Monday marks the first day of the 2020-21 school year in which every student in the Warren County School System will be in class at the same time.
All students are scheduled to be in school Monday through Thursday with no school on Friday. Students will learn virtually on Fridays, which will also allow for deep cleaning of the schools and provide teachers time to catch up with students learning in the VIP@Home setting.
With schools at full capacity, social distancing will be more difficult. School hallways, cafeterias, and common areas are being marked to reinforce social distancing, but the prescribed six feet of separation may not always be an option.
“In many cases there will not be enough room with the traditional schedule. Teachers are spacing as much as possible and following strict seating charts,” said Swallows. “The high school is the toughest building because of the number of students. They have established a traffic flow to better help with distancing.”
Swallows says the school system is well-prepared with masks, hand sanitizer, and hand soap and will make those available for students upon their return from break.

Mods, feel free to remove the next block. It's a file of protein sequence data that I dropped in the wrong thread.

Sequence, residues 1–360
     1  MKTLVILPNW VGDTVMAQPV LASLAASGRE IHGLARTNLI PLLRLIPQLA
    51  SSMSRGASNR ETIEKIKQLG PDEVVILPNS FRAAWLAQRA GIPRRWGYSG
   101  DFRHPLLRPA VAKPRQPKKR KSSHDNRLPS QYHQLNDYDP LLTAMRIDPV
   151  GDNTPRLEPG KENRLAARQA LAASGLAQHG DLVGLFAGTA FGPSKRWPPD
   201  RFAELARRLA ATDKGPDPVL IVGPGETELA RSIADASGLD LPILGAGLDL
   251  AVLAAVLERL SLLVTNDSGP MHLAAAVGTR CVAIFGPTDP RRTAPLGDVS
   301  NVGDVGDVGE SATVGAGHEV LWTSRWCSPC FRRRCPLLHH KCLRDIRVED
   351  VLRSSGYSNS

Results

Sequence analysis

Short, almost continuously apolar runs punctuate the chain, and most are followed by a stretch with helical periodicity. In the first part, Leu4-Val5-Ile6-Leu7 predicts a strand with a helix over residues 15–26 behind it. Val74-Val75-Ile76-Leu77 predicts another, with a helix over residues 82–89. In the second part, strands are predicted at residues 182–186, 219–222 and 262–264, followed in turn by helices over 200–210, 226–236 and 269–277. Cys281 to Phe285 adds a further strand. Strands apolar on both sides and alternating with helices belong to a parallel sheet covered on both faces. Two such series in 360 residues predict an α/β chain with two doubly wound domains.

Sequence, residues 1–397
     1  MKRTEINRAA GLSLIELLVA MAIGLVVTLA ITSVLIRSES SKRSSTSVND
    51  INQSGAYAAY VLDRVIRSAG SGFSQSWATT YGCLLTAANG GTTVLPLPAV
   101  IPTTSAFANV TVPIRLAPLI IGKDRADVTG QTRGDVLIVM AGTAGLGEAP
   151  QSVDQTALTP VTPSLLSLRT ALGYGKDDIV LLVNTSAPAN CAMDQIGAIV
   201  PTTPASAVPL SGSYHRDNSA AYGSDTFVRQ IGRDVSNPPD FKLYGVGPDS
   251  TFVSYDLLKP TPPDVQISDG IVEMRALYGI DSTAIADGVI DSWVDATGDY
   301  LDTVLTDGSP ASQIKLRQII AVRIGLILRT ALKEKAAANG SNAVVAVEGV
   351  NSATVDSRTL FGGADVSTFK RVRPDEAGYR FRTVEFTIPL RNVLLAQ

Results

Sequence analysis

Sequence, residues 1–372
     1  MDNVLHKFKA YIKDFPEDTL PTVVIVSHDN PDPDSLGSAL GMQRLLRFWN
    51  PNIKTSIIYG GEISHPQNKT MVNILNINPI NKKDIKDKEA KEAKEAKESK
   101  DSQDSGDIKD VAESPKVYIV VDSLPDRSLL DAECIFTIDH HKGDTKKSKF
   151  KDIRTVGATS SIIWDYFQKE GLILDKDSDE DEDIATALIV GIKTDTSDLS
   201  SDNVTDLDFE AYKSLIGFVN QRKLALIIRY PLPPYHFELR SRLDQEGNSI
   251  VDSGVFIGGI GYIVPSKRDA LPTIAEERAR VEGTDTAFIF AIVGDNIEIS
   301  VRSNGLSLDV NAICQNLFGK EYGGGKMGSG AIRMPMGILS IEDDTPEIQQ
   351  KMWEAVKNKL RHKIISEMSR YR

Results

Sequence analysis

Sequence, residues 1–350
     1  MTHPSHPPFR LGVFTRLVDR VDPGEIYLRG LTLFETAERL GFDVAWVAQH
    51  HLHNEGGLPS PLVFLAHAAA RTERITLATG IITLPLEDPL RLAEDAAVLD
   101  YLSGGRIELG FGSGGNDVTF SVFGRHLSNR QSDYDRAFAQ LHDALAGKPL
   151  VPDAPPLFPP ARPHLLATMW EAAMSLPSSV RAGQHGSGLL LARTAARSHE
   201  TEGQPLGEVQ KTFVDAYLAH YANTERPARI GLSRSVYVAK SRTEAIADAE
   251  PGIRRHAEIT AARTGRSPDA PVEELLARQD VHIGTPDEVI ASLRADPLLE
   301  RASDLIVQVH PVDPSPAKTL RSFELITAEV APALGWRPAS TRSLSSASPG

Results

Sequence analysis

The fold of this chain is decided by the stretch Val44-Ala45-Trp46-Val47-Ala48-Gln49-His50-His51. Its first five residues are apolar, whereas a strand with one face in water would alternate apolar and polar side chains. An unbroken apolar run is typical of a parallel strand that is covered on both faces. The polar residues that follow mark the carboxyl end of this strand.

“We’ve stockpiled as a district and the state is replenishing us each month,” said Swallows. “Our schools have done a great job making hand sanitizer available to our students and that’s one reason we’ve been successful in limiting the spread.”
Swallows said students and faculty will be subjected to temperature checks daily before entering school buildings, but he asks parents to assist in practicing prevention.
“We strongly encourage parents to screen their children at home for illness symptoms and make the responsible choice for all involved," he said.
If a student or faculty member’s temperature is just above 99.7 degrees, that person will be given an opportunity to cool down for a short period of time and be retested. If their temperature has dropped, they will be allowed to enter the building.
“Anyone with a temperature above 100.3 will be seen by a school nurse for further evaluation,” said Swallows.
Swallows cautioned parents, students, and staff to continue following the procedures that have kept positive cases of COVID-19 low in the school system to this point.
“I’m very proud of our efforts thus far and expect they will continue throughout the semester,” Swallows said. “Just because we’re going back to more of a traditional schedule, we are not abandoning our safety precautions. With more students in attendance every day there is more likelihood for close contact to occur and the possibility of an increase of positive cases. That will increase our number of students having to be quarantined for 14 days.”
“We must remain diligent in our safety,” Swallows said.